Source: Flaherty, 1999.
There is no way to market research a genuinely new product or service. To achieve purposefully planned change based on innovation, on an entirely novel and different product or service, the methodology required was…to devise some imaginable future and from that vision work backwards into the present.’
Peter Drucker.
Flaherty identifies three management approaches for each of these business dimensions. In the context of design management, each one draws forth questions about the role of design:
1. Managing the traditional business (improving current operations), how can design contribute to improving the current operations of the organization? Perhaps, for example, by concentrating on organizational strengths, or creating efficiencies in production processes.
2. Managing the transitional business (adapting to new opportunities), how can design help the organization to address new opportunities? Perhaps, for example, by satisfying unmet user needs or attracting new customers.
3. Managing the transformational business (focusing on innovation, or ‘purposeful’ planned change), how can design help the business move towards a new vision of itself? Perhaps, for example, by successfully exploiting new product development ideas.
QUESTIONS FOR DISCUSSION: Think of a brand or organization. What is currently NOT available to consumers that could be proposed as a market opportunity? Is there an unfulfilled user-need? How can design play a role?
Scenario Planning
One way to create an imaginable future in which to explore new design opportunities is to use scenarios. Scenarios create a context in which to imagine consumers using potential products and services. Thinking about the everyday experiences and behaviors of consumers in a scenario can provide the design team and other project stakeholders with a better understanding of their target audience as they highlight the relationships between the user behavior, situation and the products and services. By brainstorming and experimenting with these scenarios – whether they are drawn, written or oral descriptions – new ideas for products and services can emerge.
Rollestone (2003) points out another advantage of using scenarios; because they focus exclusively on the customer and the user’s behavior and experience, the design team is forced to look at things from the point of view of the user, and put aside any of their own personal biases.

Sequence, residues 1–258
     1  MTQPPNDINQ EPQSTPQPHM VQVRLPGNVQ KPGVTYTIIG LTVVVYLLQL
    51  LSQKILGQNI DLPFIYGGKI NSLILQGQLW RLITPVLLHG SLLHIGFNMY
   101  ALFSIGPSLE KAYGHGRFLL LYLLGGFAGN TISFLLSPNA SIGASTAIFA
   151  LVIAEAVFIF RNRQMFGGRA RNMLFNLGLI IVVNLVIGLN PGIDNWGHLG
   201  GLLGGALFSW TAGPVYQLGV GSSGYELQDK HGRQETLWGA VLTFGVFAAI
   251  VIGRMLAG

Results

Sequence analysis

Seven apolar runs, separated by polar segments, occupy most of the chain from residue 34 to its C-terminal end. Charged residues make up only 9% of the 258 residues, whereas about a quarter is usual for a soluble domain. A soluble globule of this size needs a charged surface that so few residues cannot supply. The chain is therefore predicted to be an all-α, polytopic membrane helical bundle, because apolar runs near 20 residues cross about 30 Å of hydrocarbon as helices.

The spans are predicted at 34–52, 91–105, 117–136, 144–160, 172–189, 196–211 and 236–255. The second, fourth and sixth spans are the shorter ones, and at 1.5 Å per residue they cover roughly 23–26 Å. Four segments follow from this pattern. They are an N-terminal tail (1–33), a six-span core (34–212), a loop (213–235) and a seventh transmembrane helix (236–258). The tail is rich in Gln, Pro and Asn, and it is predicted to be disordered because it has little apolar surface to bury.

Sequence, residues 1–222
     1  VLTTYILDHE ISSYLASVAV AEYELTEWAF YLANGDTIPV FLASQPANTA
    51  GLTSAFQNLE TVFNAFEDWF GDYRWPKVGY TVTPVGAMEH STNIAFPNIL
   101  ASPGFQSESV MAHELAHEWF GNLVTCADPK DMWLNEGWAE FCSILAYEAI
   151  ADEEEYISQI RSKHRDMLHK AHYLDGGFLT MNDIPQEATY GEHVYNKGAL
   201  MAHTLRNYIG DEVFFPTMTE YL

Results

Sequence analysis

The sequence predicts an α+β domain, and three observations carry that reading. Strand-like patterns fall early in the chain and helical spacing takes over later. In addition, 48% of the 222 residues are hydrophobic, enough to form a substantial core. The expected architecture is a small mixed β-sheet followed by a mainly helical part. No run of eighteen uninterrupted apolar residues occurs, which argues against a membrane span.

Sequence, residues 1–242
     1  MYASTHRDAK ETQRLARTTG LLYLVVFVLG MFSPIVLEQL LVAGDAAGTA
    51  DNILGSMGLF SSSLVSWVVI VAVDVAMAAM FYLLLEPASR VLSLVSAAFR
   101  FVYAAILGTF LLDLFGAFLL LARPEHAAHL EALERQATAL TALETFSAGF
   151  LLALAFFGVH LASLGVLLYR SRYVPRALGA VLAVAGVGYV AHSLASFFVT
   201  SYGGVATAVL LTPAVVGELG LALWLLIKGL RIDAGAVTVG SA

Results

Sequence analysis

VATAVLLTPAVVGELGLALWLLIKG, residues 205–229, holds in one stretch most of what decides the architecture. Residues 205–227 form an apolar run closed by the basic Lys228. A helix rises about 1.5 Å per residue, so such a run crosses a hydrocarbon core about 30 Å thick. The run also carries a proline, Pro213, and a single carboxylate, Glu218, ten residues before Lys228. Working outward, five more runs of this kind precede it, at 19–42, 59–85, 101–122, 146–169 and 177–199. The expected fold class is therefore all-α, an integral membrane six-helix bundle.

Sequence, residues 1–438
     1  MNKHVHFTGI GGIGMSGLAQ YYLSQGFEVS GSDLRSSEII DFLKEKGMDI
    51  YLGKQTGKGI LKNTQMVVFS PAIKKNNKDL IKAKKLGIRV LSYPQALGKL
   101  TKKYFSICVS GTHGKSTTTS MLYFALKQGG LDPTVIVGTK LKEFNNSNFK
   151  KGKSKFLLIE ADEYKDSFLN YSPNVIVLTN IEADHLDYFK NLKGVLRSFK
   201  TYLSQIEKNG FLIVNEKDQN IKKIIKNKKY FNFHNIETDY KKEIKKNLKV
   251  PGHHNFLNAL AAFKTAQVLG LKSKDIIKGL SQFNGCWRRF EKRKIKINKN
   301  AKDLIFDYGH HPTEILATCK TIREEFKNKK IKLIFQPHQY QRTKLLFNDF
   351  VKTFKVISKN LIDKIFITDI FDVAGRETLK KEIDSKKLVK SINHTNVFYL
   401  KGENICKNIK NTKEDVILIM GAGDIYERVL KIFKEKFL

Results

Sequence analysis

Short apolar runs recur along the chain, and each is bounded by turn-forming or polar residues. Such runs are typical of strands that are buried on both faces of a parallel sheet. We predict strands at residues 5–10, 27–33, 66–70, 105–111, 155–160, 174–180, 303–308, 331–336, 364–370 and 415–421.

Many creative ideas are developed in the course of business, but unless these ideas have a viable business case they are unlikely to succeed. Ultimately, the goal of the design resource is to support the values and objectives of an organization, address the needs of its customers, and to identify and create opportunities for design. Successfully promoting design and its growth will rely on an ability to address a wide range of issues, balance various agendas and value-judgements and forge a way forward, often in partnership with other individuals, disciplines, departments and organizations.
Technological innovations can be licensed and used in the creation of new products and services. Estimote create small, wireless Bluetooth-enabled sensors that can detect and communicate with nearby smartphones. Each ‘Beacon’, when placed in a physical space, broadcasts tiny radio signals to smart devices. Those in range (up to 200 feet away) are able to ‘hear’ these signals, estimate their location, and communicate with the beacon to exchange data and information. For customers, special offers from local retailers are communicated directly to their phone. For developers and retailers, the platform can be used to collect analytics t...